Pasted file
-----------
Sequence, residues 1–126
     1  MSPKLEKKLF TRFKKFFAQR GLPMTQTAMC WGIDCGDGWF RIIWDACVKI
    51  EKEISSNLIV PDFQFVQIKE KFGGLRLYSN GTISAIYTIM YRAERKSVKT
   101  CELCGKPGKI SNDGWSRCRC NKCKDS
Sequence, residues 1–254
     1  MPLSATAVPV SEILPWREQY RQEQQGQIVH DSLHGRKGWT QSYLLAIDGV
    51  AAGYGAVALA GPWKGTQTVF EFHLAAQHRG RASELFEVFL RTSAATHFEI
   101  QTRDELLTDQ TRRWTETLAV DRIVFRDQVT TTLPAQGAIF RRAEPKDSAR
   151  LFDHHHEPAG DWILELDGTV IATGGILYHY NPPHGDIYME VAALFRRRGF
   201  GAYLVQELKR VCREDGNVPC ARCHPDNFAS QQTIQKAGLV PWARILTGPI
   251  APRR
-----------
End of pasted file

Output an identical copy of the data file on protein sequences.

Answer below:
Sequence, residues 1–126
     1  MSPKLEKKLF TRFKKFFAQR GLPMTQTAMC WGIDCGDGWF RIIWDACVKI
    51  EKEISSNLIV PDFQFVQIKE KFGGLRLYSN GTISAIYTIM YRAERKSVKT
   101  CELCGKPGKI SNDGWSRCRC NKCKDS
Sequence, residues 1–254
     1  MPLSATAVPV SEILPWREQY RQEQQGQIVH DSLHGRKGWT QSYLLAIDGV
    51  AAGYGAVALA GPWKGTQTVF EFHLAAQHRG RASELFEVFL RTSAATHFEI
   101  QTRDELLTDQ TRRWTETLAV DRIVFRDQVT TTLPAQGAIF RRAEPKDSAR
   151  LFDHHHEPAG DWILELDGTV IATGGILYHY NPPHGDIYME VAALFRRRGF
   201  GAYLVQELKR VCREDGNVPC ARCHPDNFAS QQTIQKAGLV PWARILTGPI
   251  APRR